You would think that marketers and advertisers would understand the breadth and depth of the direct marketing strategy after about 50 years of steady progress. Sadly, they do not.
In one of DMNews' best issues published June 7, 2010, the "Gloves Off" section includes interesting comments on this very point in a contender battle between two marketers entitled "Is the Term 'Direct Marketing' antiquated?"
"Historically, the terms 'direct marketing' and 'direct mail' have been interchangeable, both meaning a method of communicating directly with consumers through acquired lists... Direct mail still plays a role in the mix... while marketing directly to consumers is at the highest level ever... 'direct marketing' hasn't benefited."
Ms Mundah prefers the expression "direct strategy."
Gene Silverman, VP of Marketing Services and Account Management for Hawthorne Direct with over 20 years of DM experience takes the opposite position.
"... the term 'direct marketing' still sits well with me... some direct agencies adopt 'smoke screen' terminology such as 'brand response,' 'direct to consumer' or 'b-to-c' marketing... In fact, direct marketing has never been more au courant, useful and powerful."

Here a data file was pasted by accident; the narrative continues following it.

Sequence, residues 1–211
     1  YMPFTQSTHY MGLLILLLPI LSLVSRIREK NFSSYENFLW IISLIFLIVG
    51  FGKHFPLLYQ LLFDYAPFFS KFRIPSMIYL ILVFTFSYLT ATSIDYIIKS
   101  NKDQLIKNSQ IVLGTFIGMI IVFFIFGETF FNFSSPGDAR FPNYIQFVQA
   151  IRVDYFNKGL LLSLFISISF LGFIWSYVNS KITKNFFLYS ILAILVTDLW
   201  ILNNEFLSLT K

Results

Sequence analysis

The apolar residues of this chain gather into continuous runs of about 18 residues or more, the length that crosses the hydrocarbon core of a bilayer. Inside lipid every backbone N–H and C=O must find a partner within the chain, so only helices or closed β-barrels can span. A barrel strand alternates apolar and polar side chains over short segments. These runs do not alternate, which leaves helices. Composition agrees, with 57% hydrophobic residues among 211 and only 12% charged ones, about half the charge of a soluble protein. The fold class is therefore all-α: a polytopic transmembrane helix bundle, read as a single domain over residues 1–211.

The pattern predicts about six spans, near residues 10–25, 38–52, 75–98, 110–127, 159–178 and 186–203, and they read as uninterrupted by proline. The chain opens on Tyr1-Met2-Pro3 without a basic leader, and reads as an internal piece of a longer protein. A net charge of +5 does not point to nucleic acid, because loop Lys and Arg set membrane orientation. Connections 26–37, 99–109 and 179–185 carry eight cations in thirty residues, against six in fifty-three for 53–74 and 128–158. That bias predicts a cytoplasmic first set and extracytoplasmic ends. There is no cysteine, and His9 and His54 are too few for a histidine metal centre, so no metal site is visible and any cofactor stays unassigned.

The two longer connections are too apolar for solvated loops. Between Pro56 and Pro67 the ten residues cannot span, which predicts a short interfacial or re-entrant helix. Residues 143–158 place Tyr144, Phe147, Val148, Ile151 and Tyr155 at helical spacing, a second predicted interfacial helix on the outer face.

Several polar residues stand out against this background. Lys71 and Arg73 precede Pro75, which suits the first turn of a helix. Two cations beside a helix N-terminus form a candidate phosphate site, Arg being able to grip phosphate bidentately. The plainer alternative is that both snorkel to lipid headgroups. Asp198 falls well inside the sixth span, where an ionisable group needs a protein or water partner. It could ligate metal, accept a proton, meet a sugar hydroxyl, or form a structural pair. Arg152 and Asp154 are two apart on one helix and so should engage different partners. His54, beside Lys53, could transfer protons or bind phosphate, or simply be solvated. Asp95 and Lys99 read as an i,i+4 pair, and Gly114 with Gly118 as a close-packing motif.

His position in the article is that direct marketing uses media in all of it's forms including TV, online, mobile, outdoor -- and yes, even print and direct mail.
Further in the same publication, Carol Krol, the Editor-in-Chief proposes that traditional lead generation methods continue to dominate profitable lead generation and customer upsell.
Who has this right? Have we strayed so far from the direct marketing strategy into media tactics that we no longer understand what the direct marketing strategy does?
You may recall that Rogers and Peppers reinvented the term "direct marketing" (and most other terms associated with it) by calling the strategy "One-To-One" marketing.
So what do you think we should call this combination of science and art to persuade individuals to buy our products? Is the term "direct marketing" dead?